He includes both some sample code (to fetch a titles and prices for cameras from bhphotovideo.com) and a link to a XPath checker you can use to ensure that your query is correctly formatted. It's good that he also includes a quick reminder about the ethical issue with web scraping - it could be considered stealing depending on where the information comes from and who is providing it.

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Stefan Koopmanschap's Blog:
What we can learn from yesterday's phpBB.com hack
February 03, 2009 @ 10:28:00

For those that might have missed it, the phpBB.com server was hacked via an unpatched version of another piece of PHP software running on the same machine. Stefan Koopmanschap has posted a bit about it and talks about what happened and what can be learned from it.

Yesterday the phpBB.com server got hacked. People who, like me, were there back in the days of phpBB2 will be reminded of the security flaws found in the software back then. However, this was not the cause of this hack. It was an unpatched version of another PHP package that caused the hack, which exposed amongst other things the full user database and several server passwords.

The problem was with an unpatched version of phpList, a mailing list manager, that allowed the hacker to get in and get out with a complete dump of the users table (including passwords and other private information).

I think the whole world can learn something from this: Your server is only as secure as your weakest link. So if you use any third party open source software, make sure that you always use the latest version, and that you subscribe to notification mailinglists of new releases. This will ensure that you get notified when new versions are released, so that you can patch your installation to the latest version and fix any vulnerabilities in the software.
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Eric Reis' Blog:
Why PHP won
January 20, 2009 @ 12:55:20

In a recent post to his blog Eric Reis talks about "why PHP won" in his web application development over other (web scripting) languages:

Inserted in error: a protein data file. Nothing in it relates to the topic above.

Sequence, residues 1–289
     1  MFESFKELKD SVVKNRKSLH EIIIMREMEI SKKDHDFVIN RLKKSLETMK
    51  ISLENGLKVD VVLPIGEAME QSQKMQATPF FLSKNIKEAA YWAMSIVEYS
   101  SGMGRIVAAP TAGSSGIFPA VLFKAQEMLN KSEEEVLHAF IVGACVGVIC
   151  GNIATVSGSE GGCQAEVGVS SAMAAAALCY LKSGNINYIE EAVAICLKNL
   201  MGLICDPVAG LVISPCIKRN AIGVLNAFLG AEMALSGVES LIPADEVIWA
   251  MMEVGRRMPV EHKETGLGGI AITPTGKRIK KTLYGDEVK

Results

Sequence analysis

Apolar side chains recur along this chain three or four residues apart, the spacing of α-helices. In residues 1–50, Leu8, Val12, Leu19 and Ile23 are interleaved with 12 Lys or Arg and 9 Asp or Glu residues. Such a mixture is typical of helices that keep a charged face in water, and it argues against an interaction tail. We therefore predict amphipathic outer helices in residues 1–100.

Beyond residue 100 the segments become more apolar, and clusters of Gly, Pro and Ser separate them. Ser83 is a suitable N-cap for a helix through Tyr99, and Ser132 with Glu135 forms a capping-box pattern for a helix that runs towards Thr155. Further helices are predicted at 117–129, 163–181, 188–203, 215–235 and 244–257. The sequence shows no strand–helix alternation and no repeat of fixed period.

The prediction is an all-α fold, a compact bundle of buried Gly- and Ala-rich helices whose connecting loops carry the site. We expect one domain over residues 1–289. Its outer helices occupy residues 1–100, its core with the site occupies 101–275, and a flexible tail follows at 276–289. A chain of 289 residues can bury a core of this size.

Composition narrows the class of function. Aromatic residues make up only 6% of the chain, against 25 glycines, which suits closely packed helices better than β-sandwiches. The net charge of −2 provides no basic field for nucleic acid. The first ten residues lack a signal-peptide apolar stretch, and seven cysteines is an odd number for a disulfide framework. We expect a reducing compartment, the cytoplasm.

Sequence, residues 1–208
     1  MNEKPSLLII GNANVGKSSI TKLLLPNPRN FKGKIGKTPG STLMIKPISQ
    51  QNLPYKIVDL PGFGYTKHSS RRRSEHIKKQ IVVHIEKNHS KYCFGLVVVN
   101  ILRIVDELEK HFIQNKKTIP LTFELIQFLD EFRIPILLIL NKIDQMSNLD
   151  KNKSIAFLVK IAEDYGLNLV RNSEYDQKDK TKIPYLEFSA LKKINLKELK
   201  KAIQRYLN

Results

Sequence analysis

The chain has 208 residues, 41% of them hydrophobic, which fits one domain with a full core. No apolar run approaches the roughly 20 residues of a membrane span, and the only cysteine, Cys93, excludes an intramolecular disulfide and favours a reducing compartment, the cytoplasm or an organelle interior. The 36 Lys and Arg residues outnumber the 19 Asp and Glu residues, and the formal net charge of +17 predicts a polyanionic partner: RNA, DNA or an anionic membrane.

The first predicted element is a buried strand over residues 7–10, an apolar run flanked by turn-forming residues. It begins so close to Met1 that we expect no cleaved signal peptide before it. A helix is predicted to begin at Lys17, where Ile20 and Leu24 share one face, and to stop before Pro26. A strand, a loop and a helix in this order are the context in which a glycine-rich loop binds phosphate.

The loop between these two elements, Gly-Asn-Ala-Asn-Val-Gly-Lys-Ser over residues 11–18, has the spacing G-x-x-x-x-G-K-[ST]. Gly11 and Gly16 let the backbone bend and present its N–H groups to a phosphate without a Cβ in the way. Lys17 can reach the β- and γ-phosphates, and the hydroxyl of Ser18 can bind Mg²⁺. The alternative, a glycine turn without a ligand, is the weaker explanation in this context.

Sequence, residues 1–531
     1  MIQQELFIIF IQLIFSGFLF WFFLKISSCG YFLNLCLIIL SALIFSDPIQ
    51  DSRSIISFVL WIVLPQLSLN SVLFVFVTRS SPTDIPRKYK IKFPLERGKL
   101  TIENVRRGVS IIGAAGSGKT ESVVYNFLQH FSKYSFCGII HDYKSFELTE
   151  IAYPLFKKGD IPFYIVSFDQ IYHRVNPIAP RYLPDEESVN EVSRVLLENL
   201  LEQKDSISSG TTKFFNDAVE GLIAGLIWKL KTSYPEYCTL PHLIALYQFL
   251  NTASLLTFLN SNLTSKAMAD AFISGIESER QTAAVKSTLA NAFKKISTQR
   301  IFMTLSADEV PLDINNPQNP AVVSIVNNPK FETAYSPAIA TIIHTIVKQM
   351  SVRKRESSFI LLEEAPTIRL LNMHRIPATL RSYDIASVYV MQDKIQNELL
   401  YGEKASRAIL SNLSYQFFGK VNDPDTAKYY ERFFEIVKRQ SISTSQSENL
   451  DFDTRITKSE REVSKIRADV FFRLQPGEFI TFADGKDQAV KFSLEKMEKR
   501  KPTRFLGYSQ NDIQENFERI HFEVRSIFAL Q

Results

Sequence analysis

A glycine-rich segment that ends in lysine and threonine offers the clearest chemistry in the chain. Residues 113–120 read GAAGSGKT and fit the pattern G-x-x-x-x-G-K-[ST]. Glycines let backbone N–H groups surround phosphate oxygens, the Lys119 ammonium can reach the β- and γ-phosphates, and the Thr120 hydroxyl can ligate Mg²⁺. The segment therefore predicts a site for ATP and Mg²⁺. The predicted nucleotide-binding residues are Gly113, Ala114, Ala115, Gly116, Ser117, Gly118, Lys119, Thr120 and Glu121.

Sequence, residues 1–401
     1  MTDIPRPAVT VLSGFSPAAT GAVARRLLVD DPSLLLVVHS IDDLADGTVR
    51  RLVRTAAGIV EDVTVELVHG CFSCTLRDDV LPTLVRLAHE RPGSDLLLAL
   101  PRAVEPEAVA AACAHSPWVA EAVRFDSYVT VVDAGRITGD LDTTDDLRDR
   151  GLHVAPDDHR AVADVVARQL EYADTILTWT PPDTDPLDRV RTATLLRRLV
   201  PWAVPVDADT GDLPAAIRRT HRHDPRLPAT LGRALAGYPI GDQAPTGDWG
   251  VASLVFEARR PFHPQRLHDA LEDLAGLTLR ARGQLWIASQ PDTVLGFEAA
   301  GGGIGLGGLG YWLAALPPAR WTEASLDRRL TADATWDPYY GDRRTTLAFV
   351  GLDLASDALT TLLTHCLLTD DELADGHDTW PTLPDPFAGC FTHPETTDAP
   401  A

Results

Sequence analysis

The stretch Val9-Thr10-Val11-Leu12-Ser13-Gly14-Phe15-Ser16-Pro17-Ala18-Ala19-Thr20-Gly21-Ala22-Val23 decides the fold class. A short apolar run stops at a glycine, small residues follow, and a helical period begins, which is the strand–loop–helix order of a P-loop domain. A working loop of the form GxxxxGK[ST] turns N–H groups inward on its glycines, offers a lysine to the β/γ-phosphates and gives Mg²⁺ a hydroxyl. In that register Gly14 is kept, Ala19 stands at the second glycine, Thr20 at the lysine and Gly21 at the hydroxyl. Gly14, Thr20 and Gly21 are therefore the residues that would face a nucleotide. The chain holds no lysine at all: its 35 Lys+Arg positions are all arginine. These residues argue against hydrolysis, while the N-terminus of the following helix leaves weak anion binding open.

Some of them are probably still cursing my name, because - let's face it - PHP can be pretty painful. As a language, it's inelegant. Its object-orientation support is "much improved" - which is another way of saying it's been horrendous for a long time. Writing unit tests or mock objects in PHP is an exercise in constant frustration. And yet I keep returning to PHP as a development platform, as have most of my fellow startup CTOs. This post is about why.

He includes four things (that would be needed to counter the information cascade that PHP has) a "new challenger" language might need to burst PHP's bubble.

  • Speed of iteration (a good write/test/debug cycle)
  • Better mapping of outputs to inputs
  • A similar standard library
  • A better OOP implementation

He gets a bit confusing in there, moving back and forth between "PHP is good" and "PHP is bad" comments but he does come back to the one thing that everyone can agree on - regardless of your personal bias, you should always consider this: "it's all about picking the right tool for the job".

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PHPBuilder.com:
Getting started with Flex and Zend_Amf
November 03, 2008 @ 08:49:38

This new article from PHPBuilder.com talks about getting started with one of the newly introduced components of the Zend Framework (in collaboration with Adobe) - the Zend_Amf interface.

To introduce this new Zend Framework extension and give you a look inside its functionality, I show you how to build a Flex application that pulls data from a MySQL database using PHP. First, you set up the application to use XML, the conventional cross-platform data-exchange method. Then, you change the code to use AMF and custom classes.

They give you the tools you'll need to set up the right environment (including version 1.7 or later of the Zend Framework and Adobe Flex Builder) and the steps to create the simple application. It uses a MySQL backend to store contact information ad a basic Flex interface to pull that information back out for display.